Like she did in Talkhiyan, here too Bee Gul plays with time ever so effortlessly. Pehchan is not a simplistic linear story nor does it lend itself to easy storytelling, but once again Khalid Ahmed does a fantastic job narrating a very nuanced script. The transitions between the past and present are fluently accomplished and the parallel tracks are skilfully woven into the onscreen narrative. Even as Ammi ji is celebrating her son’s nuptials we see Kuku dressing up, for a groom getting married to another woman. She, who had wanted to have her hands adorned with the mehndi of her lover’s name, now has her hands reddened with her own blood. The attention to even the minutest of details plays a huge part in creating an ambiance that sucks you right in.
Though an intense story, this one succeeds in walking that fine line between oh-this-is boring-artsy-stuff and the full-on-ratings-guaranteed-tearjerker stories. An important factor that keeps this one from sliding into the darkness of the narrative is the visual appeal of Pehchan. DOP Naveed Malik breathes life into Bee Gul’s vision. The stark shots of Kuku walking among dead leaves, sitting alone in an empty playgrounds, her on an old fallen tree surrounded by withered branches add so much more to texture her musings about her barren life. I could go on an on about the cinematography, lighting and the framing of each scene, but suffice it to say Pehchan is a visual delight.
To come to the characters, Kuku is as real as can be and is lovingly brought to life by Iffat Umar, who is back with a bang, reminding me of the Iffat I had fallen in love with way back when in Ghulam Gardish and Nangay Paon. Sohail Sameer was good but it will take me time to warm up to his portrayal of Mansoor. I would’ve loved to have seen somebody more polished like Adnan Jaffer here. Fawad Khan was adequate as Khurram, Kuku’s immature loser of a husband. That said, it is good to see lesser seen faces and theater trained actors on TV. As a first episode this was a very effective opening chapter and I am now eager to see how the rest of the characters fit into the larger narrative and where we go from hereon forward.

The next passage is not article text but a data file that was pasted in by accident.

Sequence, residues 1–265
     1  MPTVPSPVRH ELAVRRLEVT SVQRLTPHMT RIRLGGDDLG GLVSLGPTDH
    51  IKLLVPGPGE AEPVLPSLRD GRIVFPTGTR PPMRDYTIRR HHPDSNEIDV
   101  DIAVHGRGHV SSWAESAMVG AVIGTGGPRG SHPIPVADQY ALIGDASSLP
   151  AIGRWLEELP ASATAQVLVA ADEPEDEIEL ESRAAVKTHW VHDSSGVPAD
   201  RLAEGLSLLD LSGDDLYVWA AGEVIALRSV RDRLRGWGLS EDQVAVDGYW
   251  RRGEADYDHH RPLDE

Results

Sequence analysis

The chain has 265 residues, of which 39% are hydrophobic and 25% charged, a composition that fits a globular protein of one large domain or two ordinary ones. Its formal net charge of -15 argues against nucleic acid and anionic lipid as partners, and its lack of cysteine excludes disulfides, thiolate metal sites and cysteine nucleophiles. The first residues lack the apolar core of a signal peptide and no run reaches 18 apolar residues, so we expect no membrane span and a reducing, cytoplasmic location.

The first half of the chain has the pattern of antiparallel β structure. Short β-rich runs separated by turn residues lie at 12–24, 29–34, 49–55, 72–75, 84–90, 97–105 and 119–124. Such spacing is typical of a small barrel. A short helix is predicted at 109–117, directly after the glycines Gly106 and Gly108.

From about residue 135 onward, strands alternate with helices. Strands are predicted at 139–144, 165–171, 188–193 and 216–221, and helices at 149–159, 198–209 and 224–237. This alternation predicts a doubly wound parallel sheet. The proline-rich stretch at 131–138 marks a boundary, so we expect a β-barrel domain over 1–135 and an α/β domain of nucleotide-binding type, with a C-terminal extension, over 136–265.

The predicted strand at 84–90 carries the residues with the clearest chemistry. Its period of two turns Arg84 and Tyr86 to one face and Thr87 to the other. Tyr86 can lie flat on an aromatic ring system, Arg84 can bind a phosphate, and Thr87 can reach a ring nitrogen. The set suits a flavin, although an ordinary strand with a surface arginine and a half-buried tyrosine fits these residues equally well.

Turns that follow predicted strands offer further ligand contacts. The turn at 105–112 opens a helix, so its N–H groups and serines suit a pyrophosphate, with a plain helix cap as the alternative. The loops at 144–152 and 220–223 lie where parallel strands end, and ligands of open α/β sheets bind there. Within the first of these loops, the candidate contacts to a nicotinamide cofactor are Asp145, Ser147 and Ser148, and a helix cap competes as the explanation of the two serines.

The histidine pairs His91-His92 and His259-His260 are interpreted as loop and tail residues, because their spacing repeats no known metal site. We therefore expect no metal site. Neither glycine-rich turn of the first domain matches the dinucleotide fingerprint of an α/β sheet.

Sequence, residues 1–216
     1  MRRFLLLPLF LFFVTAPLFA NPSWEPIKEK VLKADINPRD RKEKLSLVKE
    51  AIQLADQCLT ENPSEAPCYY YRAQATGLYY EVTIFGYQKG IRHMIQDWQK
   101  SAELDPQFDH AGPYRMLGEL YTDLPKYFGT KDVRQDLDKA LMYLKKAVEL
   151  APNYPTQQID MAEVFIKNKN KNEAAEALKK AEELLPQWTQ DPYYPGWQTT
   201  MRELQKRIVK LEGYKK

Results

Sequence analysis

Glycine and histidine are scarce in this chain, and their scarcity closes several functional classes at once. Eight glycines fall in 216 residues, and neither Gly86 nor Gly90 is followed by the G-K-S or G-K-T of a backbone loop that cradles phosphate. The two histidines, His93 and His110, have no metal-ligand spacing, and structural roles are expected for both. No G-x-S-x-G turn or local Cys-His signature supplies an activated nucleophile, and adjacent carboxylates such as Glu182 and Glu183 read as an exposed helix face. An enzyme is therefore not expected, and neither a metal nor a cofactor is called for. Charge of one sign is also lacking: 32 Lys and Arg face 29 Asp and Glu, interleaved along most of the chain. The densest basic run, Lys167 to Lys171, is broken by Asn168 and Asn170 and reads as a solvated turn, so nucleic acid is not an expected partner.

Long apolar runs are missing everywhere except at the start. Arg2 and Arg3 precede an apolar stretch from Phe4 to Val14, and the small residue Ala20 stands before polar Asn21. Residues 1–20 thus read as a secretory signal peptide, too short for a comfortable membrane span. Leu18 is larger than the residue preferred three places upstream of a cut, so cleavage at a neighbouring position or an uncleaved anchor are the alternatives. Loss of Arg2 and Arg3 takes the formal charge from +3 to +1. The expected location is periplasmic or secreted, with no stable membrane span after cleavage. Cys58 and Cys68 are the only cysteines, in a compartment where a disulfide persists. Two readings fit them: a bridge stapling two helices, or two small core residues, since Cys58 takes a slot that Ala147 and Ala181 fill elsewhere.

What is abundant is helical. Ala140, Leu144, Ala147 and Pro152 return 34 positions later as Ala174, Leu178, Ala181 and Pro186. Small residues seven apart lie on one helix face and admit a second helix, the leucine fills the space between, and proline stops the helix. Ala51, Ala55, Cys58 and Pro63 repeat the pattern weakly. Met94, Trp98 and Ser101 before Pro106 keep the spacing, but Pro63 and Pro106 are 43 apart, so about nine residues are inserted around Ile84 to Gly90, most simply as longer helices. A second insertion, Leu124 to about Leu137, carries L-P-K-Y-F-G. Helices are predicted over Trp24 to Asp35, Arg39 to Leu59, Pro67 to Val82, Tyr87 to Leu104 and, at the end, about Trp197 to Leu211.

It will be nothing less than a travesty if I did not comment upon the über fabulous OST. Faiz Sahab’s kalaam set to tune by Arshad Mehmood took me back to the days of those melodious PTV era classics like Yeh Dhoop Kinara, and then Arshad Sahab’s unforgettable works with Nayyara Noor like Hansi Khanakti Hui and Main Tum Se Na Poochoon. I would be lying if I said that I did not miss Nayyara Noor, but to be fair I enjoyed this rendition by Erum Nafees just as well. The background music, Elvis Costello and Liz Callaway’s songs, fitted in so well with the story unfolding on screen. Do I need to say that my drama drought is over!?!
Finally, a huge thank you Seema Razi and Raziuddin Ahmed for once again backing such a classy project. It is great to see smaller producers (Nouman Masood being another with Ullu Baraye Farokht Nahin and Sannata) standing their ground, resisting the ratings hoopla, and willing to take risks by experimenting with a hatke story. And yes, a huge round of applause for A-Plus for taking on this kuch alag project. Previously it was Aunn-Zara and Ghoonghat and now they are back with Pehchan. Lets hope these are only precursors to bigger things.
Accha ji, so this was my take on Pehchan… ab you tell me….what did you all think?
Written by SZ~
Pehchan ~ Episode 1 (Alternate links available here)